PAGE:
Increased renewable energy demand could mean big bioenergy opportunities
The U.S. corn and ethanol industries are projected to have a record-breaking 2016, and the U.S. Energy Information Administration (EIA) has revised its predictions for future renewable energy usage. This all as major gas station chains consider the best ways to introduce E15 nationwide. Keep reading for these and more stories from the week in bioenergy!
New research boosts biofuel production in E. coli bacteria
Engineers at Washington University have taken another step toward industrial production of biofuel via modified E. coli bacteria.
While E. coli is often considered a bad bug, researchers commonly use laboratory-adapted E. coli that lacks the ability to make humans sick, but can grow just as fast. That same quality gives it the potential to crank out biofuels, pharmaceuticals and other useful products. This new breakthrough—which boosts production through by altering the bacteria’s protein structure—helps eliminate a bottleneck in the production process. Read more about the research at the Washington University website.
EIA updates its short-term bioenergy forecasts
The EIA released the August edition of its Short-Term Energy Outlook, predicting total renewables used in the electric power sector will increase by 10.5% in 2016 and 4.3% in 2017. Consumption of renewable energy other than hydropower is expected to increase by 12.9% this year and 9.6% next year.
According to the EIA, waste biomass is expected to be used to generate 112,000 MWh of electricity per day this year, increasing to 114,000 MWh per day next year. Generation from waste biomass is expected to fall slightly, from 60,000 MWh per day this year to 59,000 MWh per day next year. Get more highlights from the report at Biomass Magazine.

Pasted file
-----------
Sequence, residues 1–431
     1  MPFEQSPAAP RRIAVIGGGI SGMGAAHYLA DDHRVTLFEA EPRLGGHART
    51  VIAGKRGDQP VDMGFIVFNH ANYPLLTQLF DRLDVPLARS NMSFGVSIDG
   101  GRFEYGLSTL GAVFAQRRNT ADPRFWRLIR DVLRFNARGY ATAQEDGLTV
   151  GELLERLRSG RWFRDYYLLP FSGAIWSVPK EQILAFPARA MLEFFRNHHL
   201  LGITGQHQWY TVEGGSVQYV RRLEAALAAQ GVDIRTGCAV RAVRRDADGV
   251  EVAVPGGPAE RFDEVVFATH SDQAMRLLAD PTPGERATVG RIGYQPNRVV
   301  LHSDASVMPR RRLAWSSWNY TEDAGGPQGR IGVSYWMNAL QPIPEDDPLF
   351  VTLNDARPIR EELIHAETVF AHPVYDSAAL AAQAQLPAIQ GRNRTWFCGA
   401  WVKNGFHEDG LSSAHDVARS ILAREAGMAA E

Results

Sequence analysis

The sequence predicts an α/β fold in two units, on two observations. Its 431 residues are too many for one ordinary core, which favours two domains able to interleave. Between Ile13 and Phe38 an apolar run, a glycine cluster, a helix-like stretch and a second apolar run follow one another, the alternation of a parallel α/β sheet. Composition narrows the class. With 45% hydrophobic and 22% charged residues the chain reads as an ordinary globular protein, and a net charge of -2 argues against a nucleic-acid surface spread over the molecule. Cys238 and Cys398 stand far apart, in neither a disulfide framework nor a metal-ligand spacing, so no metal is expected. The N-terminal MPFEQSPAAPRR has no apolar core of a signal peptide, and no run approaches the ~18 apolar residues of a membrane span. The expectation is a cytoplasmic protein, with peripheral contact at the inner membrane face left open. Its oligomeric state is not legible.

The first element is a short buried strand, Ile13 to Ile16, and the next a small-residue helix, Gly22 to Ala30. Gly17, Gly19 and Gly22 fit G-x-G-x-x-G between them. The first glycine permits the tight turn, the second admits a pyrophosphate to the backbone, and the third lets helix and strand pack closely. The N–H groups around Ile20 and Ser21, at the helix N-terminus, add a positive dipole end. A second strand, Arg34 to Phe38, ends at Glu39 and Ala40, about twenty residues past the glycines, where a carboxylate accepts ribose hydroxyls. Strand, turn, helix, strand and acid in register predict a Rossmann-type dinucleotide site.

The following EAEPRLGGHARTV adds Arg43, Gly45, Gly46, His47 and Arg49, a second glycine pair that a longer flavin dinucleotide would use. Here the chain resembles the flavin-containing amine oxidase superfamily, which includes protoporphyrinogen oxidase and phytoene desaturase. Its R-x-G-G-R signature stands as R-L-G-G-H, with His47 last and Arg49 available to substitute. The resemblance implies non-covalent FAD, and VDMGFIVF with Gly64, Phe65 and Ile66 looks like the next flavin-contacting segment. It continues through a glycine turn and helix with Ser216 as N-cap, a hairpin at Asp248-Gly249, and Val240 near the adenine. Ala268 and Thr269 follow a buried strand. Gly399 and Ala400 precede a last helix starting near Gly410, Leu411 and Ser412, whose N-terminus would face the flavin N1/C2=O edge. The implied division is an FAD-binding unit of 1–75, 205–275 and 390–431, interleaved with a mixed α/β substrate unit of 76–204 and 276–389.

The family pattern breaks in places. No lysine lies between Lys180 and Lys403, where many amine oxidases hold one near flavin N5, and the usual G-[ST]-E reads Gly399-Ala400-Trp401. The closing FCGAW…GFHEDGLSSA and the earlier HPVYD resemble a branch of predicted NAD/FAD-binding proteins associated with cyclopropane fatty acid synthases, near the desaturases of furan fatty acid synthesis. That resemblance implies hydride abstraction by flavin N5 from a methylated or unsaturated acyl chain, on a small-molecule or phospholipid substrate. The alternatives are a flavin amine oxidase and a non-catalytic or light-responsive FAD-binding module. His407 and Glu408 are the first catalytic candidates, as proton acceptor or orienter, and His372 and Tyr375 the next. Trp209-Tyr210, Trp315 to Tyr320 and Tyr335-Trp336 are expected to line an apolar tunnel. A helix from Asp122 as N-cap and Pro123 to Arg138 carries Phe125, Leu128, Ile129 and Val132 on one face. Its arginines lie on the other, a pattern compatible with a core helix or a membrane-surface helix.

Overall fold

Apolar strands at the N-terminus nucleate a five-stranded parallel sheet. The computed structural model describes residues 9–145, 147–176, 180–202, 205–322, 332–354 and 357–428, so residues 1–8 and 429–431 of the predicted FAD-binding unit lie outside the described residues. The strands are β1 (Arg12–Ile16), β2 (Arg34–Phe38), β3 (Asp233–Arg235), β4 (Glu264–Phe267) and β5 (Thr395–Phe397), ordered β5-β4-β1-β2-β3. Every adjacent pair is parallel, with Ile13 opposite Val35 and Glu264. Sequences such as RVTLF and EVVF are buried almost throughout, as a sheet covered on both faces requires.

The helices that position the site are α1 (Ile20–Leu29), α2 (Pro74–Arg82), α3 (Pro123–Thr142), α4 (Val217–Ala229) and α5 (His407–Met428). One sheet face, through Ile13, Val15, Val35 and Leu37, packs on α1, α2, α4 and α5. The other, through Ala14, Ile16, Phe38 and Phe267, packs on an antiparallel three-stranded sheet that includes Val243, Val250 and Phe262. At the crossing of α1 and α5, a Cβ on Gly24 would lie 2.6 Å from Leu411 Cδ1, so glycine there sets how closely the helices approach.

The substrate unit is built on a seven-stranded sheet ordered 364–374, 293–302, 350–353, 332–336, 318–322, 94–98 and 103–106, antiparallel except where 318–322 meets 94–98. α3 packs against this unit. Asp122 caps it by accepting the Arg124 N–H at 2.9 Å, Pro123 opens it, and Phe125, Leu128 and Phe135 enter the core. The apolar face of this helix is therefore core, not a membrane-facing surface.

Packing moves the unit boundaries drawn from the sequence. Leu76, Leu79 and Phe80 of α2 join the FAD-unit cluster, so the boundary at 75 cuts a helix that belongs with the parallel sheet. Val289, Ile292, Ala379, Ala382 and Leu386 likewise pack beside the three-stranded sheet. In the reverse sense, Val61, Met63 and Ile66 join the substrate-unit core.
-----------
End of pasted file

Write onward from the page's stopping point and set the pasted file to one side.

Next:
Sheetz, Thortons execs discuss strategically rolling out E15
Since Emily Skor’s keynote address at the 2016 Fuel Ethanol Workshop & Conference in June, the idea of connecting with ethanol consumers has been one of the industry’s hot topics. Now, as E15—a 15% ethanol/gasoline blend—is being more broadly rolled out nationwide, it’s more important than ever before that consumers are enthusiastic about a cleaner-burning, higher octane fuel.
Ethanol Producer Magazine sat down with executives from Sheetz and Thortons to get their thoughts on how to strategically offer this new fuel—what works, what hasn’t worked so well and what’s at stake. Read the full article at Ethanol Producer Magazine.
Record crop, production underscore importance of strong RFS
The U.S. Department of Agriculture released estimates that American farmers are poised to harvest a record corn crop this fall and achieve the highest yield per acres in U.S. history. Additionally, the Department of Energy last week projected that the U.S. is also on pace to produce a record amount of ethanol.
On the heels of these projections, the Renewable Fuel Association is looking to strengthen its case for the U.S. Environmental Protection Agency to keep to Congress’ Renewable Fuel Standard recommendations going forward. Get all the details at AgWired.
Latest posts by Geoff Hayward (see all)
- AgWired: Optimism for North American corn, ethanol going into 2018 - December 15, 2017
- EPA walks back biofuels mandate changes - October 27, 2017
- Biofuels beat electric vehicles on cost, emissions - October 5, 2017